Whiteousness – a poem by Paul Vincent Cannon

VJs Weekly challenge – Privilege

Photo: Professor Steve Locke detained on the street because he looked like someone the police wanted in relation to an attempted break-in. Steve Locke – “I Fit The Description”

“The police make me as a white woman feel safe, while my black friends, family and neighbours feel the opposite.” Natalie Portman.


Blue and red like a vapour 
flashes off the windows
all around me,
siren squeals a warning and
I pull over to the side,
my routine, rehearsed so often,
plays out in tension real,
window down,
no sudden moves,
papers and cards out,
both hands on the wheel so
he can see there's no threat,
sweating now, anxious,
is my misdemeanour worth my life,
will I bleed for colour today
to make this man feel righteous?
Do I fit the profile,
do I look like someone he
needs, wants, to shoot?
Don't stare,
sound soft, polite,
don't be black,
just make it easy on his ego,
right or wrong,
his mood determines my future,
Right or wrong,
his privilege is my death.

©Paul Vincent Cannon


Filed under Free Verse, injustice, life, poem, quote, Racism

31 responses to “Whiteousness – a poem by Paul Vincent Cannon

  1. Frightenly powerful,, and a scenario that’s all too true… Well executed Paul 🤔😳

    Liked by 5 people

  2. So true, so sad. Things must change and soon. I believe this may be the time, unfortunately at the cost of George Floyd’s life.

    Liked by 3 people

  3. Wow. I love the word Whiteousness.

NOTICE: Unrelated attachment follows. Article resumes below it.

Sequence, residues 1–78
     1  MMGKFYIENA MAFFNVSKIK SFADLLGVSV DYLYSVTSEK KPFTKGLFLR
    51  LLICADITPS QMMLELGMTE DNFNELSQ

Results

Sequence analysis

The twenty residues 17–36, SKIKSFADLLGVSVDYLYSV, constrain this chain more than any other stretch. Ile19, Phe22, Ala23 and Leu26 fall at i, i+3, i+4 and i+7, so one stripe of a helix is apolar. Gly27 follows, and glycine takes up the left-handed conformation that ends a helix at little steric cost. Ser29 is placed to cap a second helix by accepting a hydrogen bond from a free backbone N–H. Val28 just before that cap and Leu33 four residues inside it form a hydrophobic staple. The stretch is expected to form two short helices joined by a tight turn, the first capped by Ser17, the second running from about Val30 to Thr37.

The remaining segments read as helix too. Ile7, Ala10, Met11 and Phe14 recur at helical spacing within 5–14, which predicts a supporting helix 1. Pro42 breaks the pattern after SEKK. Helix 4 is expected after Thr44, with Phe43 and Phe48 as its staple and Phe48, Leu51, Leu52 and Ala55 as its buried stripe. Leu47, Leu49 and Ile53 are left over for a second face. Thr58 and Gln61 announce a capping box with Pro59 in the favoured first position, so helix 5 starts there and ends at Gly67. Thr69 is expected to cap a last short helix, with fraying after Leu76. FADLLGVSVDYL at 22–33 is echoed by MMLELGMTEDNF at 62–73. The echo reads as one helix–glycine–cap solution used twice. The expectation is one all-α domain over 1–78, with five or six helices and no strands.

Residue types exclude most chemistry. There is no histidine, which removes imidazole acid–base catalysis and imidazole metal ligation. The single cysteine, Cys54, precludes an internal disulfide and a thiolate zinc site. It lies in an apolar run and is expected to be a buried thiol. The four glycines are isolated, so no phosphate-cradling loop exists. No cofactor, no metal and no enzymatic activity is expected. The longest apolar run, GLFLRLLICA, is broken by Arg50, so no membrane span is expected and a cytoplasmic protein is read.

Liked by 3 people

  4. I flutter my misty eyes. Grief grips my soul afresh. Touching words.

    Liked by 3 people

  5. Powerful portrait. The title says it all.

    Liked by 4 people

  6. Powerfully-written, Paul. Very well said. I envy poets. You’re able to say in a poem what it took me 2,000 words to say in my blog on Monday. I love the word “whiteousness” and the way you worked in the word “misdemeanor.”

    Liked by 3 people

    • Thank you so much Janet. That word – I wrote it then I searched it and yes it has been out there for a while (who knew?) but it fitted for me so well. I am honoured by your comments, very much appreciated indeed.

      Liked by 1 person

  7. Charis Counselling

    Wow powerful poem well said


    Liked by 3 people

  8. I was moved by your gut-wrenching poem. I felt for the speaker. But when I tired to put myself in his place, I couldn’t do it, which is most telling of all.

    Liked by 2 people

    • Yes, I based it on stories. Though in my reckless yet thrilling youth, I was often in trouble and I had two bad interactions with police where my trust was broken and has remained so. So it did connect a bit for me. I think that’s what a lot of us white people are beginning to acknowledge – it is alien for us. Thank you for your honest response Liz.

      Liked by 1 person

  9. A really great one, Paul! So true and also so sad. Michael

    Liked by 1 person

  10. A sensitive reflection Paul. Heartfelt!❤️☕️☕️❤️!

    Liked by 1 person

  11. you’ve captured the essence … but the poem I shared on “Silence is Violence” is even more powerful!

    Liked by 1 person

  12. Pingback: What’s In A Name – One Woman's Quest II

  13. You’ve captured the times well, Paul. Very strong stuff you’ve written.

    Liked by 1 person

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